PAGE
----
Not that long ago, Carmelo Anthony looked like he was on his way out. This wasn’t just a fan critique — the man himself felt ready to move on. But as things tend to go with Melo, a subversion of expectations was just around the corner. He had nothing to give during his stint with the Rockets.
Having shared a draft class with LeBron James, Dwyane Wade, and Chris Bosh, his career didn’t quite meet expectations fully, even if the Hall of Fame is a strong possibility. This year looked like it’d be the end for him. Then the pandemic arrived, and Melo used it as a chance to change himself.
Many fans were ready to write off the aging Melo for good
Melo came into the NBA from an incredibly strong draft class, and the Nuggets saw him at his best. Yet it’s with the Knicks and their rabid fan base, that he made his greatest impression. Even if he wasn’t quite the superstar they needed, he was the one they had to give them hope during a difficult (and ongoing) era of the franchise.
Forget the narratives; look at the stats. Basketball-Reference tells a stark story about his individual performance. The 10-time All-Star entered 2020 averaging 24 point, 6.5 rebounds, and three assists per game. His reputation for selfish play seems more like an attitude assessment in this light. Clearly, Anthony usually came out playing to win with his team.
In recent years, however, his approach became far less useful. During his 10-game Rockets run. he was visibly heavier, plagued by minor injuries, and seemingly unable to show his star power. His best bet was to elevate the moribund Golden State Warriors during a season where nearly all of their key is sidelined. Then the Portland TrailBlazers decided they had an idea of how to put Melo to work.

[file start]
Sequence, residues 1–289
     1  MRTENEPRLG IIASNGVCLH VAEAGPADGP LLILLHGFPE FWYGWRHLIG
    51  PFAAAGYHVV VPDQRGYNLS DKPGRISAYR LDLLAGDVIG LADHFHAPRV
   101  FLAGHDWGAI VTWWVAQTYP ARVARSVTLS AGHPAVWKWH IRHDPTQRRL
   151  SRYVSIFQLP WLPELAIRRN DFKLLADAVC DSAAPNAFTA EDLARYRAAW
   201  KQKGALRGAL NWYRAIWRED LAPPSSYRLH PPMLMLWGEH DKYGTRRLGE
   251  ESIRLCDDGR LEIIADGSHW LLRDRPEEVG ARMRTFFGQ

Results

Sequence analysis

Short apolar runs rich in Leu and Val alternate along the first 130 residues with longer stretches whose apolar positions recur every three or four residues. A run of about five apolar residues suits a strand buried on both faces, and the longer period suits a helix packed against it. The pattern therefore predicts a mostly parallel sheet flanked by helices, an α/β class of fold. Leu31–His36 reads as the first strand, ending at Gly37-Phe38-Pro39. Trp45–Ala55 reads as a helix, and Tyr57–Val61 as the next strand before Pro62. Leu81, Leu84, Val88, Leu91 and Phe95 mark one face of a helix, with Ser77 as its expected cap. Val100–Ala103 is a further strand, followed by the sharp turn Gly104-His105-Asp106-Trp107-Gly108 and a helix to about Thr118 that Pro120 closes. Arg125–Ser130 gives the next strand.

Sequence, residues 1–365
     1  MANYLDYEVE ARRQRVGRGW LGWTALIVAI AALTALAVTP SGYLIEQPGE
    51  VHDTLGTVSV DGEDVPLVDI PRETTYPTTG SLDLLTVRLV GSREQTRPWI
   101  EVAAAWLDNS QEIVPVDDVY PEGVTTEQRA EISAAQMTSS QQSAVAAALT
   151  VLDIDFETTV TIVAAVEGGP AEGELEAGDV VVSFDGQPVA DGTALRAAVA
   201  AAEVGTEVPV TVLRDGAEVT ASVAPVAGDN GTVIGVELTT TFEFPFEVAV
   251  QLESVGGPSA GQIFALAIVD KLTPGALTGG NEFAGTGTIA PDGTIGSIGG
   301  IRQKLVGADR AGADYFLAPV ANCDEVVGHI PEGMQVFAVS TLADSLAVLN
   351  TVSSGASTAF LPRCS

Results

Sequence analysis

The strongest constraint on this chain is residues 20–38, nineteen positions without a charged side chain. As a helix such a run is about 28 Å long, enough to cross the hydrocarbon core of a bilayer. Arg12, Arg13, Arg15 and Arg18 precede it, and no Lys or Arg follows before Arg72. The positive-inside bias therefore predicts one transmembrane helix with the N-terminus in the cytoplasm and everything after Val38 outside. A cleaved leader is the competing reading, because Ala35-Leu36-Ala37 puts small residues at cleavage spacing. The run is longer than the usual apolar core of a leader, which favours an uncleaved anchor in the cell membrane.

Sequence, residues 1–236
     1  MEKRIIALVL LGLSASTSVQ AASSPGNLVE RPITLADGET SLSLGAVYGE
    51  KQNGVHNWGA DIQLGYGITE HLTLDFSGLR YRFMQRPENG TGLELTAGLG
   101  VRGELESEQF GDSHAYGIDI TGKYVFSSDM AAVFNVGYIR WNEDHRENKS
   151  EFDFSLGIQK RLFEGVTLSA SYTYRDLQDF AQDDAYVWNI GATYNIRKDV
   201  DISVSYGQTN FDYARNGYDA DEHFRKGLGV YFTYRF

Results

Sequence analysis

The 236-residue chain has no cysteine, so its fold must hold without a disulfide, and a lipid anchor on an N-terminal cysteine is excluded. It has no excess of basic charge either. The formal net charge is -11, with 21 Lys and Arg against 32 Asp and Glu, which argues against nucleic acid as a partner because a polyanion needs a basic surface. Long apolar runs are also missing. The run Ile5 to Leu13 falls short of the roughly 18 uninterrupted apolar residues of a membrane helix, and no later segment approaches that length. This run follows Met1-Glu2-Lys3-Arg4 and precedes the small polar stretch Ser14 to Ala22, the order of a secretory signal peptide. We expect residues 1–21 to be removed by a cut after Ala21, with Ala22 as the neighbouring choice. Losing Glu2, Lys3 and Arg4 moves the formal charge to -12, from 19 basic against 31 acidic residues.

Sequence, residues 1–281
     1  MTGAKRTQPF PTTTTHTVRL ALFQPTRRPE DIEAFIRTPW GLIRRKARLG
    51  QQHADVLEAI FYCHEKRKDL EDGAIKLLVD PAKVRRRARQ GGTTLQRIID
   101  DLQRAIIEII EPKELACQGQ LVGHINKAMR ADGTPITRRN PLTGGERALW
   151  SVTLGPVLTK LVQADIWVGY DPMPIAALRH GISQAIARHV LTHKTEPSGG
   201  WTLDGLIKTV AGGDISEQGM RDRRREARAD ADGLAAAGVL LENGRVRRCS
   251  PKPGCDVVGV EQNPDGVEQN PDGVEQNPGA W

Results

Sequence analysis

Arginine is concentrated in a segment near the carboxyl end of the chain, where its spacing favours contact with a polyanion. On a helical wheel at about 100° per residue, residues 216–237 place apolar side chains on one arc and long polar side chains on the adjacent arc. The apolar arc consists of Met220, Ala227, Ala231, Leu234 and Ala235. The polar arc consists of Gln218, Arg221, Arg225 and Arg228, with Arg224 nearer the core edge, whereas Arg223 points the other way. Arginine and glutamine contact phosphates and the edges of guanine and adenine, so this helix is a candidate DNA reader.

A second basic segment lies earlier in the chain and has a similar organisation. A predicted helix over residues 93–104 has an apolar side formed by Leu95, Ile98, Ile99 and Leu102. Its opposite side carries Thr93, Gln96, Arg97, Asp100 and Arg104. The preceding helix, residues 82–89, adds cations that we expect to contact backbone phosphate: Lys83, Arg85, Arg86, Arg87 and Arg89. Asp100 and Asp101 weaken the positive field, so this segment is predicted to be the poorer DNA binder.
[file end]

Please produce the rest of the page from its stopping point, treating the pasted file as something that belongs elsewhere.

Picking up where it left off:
Why Carmelo Anthony slimmed down in quarantine
Anthony has come in many forms over the years. As he tried to find his place in the NBA, he gained and lost weight, he changed his approach to the game. The Ringer once broke him down as three distinct players in one package, capable of switching from one to the next each season.
The last version of Melo we saw before the bubble NBA was The Ringer’s “Regular Melo.” He held the ball too long, tried to make plays against hopeless defenses, worked in the post often. That’s nothing like what many fans, like this Forbes author, insist Anthony should be doing on the court. They want him to shoot.
Consider a Basketball Reference stat left out of the previous section: 44.9% shooting from the field. Melo knows this as well as anyone else. With the Rockets, a team that spent months figuring out what to do with Russell Westbrook, he had no chance. The game is run through James Harden there. But with the Blazers, where Damian Lillard has long needed support off the bench? It shouldn’t have been quite so surprising that there was an NBA squad with an idea for using Anthony.
Has Melo’s new conditioning plan paid off on the court?
Melo found himself with time to prepare for his return due to the hiatus while the NBA readied the bubble. Without even a hint from the press, Anthony emerged in the bubble looking different — almost unrecognizable, according to Yahoo Sports. Yet again, the most criticized superstar seemed poised to blow past expectations.
Anthony told the New York Post a new diet and conditioning routine, which he didn’t describe, explains his transformation. His new “intense” diet and exercise plan helped him drop five pounds. Melo looks like he lost far more weight than that due to the muscle he gained. He has a lithe look to his stride that hasn’t been seen since the early days of his career.
It came down to the Blazers informing him on how they planned to use him. “Once coach [Terry Stotts] told me the position, that I’d be switching back to the 3,” Melo said, “I kind of challenged myself to get down to that weight where I feel comfortable with playing the 3.” He didn’t need the weight to muscle his way into the post; he needed to step back and hit shots from the field.
It wasn’t all hype. He’s a major reason why the Blazers emerged as a major threat. Melo is exactly the late-game support piece Lillard needs in order to get actual wins. Blazer’s Edge reports that his 56% shooting in catch-and-shoot situations, especially toward the end of games, is directly responsible for sealing off victories. Whatever version of Melo this is, he’s the one the NBA obviously needs.